Global diplomatic disarray and further international isolation and sanctions may actually play to Min Aung Hlaing and the other generals’ favor, providing conditions that could cement their hold on power. The Tatmadaw have seen it all before. Between General Ne Win’s coup in 1962 and the pro-democracy protests of 1988 (which toppled the strongman from power), Myanmar shut itself from the rest of the world to implement the brutal “Burmese Way to Socialism”.

Diplomacy or isolation?: Min Aung Hlaing arrives in Jakarta for an ASEAN crisis meeting, April 23, 2021 (Credit: Cabinet Secretariat of the Republic of Indonesia)

Diplomacy or isolation?: Min Aung Hlaing arrives in Jakarta for an ASEAN crisis meeting, April 23, 2021 (Credit: Cabinet Secretariat of the Republic of Indonesia)

That coup impoverished what had been Southeast Asia’s richest country and one of the region’s most promising economies. The new generation of generals who assumed power after denying the NLD’s legitimate victory in the 1990 elections adopted the Ne Win’s playbook with slight modifications. There would be limited foreign investment in resource extraction, which nourished and benefited the military, but no political reforms. In this context, the blossoming of democracy and free enterprise in Myanmar since 2011 is an aberration. As things stand, Min Aung Hlaing is well positioned to turn the clock black. And it is safe to assume that when and if elections are held, the outcome will be pre-ordained in favor of army-supported parties to the exclusion of Suu Kyi and the NLD.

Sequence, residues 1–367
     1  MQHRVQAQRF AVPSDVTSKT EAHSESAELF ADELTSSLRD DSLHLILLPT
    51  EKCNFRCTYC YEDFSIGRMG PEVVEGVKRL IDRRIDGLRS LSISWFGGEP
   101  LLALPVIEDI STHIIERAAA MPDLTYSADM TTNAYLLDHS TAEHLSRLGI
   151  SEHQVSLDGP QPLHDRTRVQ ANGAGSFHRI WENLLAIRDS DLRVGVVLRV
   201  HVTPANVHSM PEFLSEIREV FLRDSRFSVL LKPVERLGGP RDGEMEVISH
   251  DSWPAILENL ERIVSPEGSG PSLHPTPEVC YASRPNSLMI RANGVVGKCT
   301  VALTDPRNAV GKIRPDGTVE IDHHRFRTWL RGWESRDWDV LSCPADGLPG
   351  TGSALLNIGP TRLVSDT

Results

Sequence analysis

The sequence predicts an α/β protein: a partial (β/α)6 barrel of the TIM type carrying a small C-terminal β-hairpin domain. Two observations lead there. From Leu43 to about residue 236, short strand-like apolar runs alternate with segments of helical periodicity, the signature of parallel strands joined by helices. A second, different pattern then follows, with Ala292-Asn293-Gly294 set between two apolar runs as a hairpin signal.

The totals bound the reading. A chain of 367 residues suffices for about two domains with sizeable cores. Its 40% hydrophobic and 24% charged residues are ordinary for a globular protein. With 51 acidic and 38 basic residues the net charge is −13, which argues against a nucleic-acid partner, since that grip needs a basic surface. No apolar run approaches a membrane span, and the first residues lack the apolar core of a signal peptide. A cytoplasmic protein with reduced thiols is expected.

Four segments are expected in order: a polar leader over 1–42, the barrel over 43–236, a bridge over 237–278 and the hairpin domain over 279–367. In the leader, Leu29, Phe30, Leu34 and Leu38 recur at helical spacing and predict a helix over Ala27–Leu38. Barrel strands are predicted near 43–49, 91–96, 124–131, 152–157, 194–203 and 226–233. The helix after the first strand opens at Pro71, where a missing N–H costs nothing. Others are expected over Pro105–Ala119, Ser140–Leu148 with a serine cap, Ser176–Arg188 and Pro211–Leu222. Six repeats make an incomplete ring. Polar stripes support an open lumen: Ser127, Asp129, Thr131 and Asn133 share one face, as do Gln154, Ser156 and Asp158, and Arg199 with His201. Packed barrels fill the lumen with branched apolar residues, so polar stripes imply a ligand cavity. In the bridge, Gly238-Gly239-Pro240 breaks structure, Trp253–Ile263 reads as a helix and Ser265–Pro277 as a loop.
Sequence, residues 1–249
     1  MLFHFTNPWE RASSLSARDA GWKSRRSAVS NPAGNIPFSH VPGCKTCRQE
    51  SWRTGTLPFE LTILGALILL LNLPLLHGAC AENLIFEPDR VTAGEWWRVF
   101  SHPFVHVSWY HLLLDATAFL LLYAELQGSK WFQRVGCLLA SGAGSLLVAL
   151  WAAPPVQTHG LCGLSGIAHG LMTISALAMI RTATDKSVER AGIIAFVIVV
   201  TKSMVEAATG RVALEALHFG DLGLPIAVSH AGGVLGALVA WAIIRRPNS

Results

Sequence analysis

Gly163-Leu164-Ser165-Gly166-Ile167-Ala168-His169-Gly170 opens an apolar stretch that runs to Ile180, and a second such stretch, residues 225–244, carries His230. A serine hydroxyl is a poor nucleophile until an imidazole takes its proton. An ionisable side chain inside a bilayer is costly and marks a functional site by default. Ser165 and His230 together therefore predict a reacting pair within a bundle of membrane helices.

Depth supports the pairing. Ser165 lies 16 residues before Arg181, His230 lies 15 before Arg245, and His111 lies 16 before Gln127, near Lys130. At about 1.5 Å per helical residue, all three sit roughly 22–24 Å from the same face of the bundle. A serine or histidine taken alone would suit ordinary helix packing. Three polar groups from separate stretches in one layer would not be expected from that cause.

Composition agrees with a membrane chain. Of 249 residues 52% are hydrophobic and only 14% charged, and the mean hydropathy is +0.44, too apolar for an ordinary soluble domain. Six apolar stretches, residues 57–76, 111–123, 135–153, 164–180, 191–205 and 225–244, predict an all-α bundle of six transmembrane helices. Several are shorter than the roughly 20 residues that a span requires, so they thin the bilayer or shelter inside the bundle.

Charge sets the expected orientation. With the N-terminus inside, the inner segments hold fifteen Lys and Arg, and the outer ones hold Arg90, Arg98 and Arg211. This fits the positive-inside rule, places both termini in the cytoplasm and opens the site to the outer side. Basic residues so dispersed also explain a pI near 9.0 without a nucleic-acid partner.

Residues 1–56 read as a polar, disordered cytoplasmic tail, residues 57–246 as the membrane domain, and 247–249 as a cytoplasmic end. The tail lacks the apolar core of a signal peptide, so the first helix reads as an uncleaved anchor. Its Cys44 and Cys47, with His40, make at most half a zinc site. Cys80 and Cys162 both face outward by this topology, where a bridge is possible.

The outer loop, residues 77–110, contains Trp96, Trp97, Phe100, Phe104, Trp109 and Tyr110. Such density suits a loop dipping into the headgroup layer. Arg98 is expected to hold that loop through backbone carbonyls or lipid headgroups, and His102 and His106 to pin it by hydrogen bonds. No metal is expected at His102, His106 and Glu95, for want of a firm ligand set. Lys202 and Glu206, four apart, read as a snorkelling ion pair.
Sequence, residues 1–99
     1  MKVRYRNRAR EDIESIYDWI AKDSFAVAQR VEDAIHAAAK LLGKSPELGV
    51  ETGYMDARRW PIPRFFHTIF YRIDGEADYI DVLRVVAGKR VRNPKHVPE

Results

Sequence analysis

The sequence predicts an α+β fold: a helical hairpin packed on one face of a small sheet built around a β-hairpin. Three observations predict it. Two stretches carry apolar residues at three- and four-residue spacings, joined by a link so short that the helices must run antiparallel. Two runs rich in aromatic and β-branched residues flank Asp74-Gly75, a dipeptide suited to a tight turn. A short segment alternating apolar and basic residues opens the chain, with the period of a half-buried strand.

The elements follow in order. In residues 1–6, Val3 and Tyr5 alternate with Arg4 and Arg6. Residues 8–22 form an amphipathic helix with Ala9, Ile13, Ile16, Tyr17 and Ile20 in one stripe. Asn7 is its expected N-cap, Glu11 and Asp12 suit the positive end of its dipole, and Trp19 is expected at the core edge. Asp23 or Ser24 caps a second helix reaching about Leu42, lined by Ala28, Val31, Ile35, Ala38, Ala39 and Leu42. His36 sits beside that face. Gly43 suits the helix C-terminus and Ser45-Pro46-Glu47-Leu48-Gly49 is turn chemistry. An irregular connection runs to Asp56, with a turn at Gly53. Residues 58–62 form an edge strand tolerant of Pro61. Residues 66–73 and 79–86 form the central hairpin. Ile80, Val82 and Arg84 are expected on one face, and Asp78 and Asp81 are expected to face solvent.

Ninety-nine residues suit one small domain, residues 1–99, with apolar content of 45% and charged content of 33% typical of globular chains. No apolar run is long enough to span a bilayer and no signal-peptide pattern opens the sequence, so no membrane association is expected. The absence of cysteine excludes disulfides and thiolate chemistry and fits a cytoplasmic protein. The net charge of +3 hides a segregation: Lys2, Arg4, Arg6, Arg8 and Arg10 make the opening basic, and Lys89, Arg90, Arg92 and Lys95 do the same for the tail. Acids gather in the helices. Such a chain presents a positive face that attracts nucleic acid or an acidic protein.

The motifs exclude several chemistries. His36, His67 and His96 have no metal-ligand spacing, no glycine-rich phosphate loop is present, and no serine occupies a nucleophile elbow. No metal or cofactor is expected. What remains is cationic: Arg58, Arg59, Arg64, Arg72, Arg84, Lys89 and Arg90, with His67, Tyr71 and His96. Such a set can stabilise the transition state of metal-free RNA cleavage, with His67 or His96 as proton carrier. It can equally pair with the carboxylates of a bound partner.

While there may be few pieces to play on the diplomatic chessboard, there might yet be one opening gambit that countries concerned about the situation in Myanmar could play. This group of nations – the US, Japan, a few ASEAN members notably Indonesia, the UK and possibly India – share an interest in protecting the fragile political balance that existed in Myanmar before the coup. While this potential contact group might have limited tools at their disposal and not much leverage over the generals, there could be one tactic that could draw the junta to the board.

Like many countries in the region, Myanmar is reeling under a health and economic crisis due to the pandemic. Covid-19 is raging across the country, with daily cases touching 6,000 and the cumulative caseload above 270,000. Both Russia and China have committed to provide a total of 8 million doses of their vaccines, but that total is woefully inadequate for a country of 54 million. Should Myanmar face a Delta-variant surge as neighbor India and other ASEAN members are experiencing, the country simply could not cope, given its poor medical infrastructure.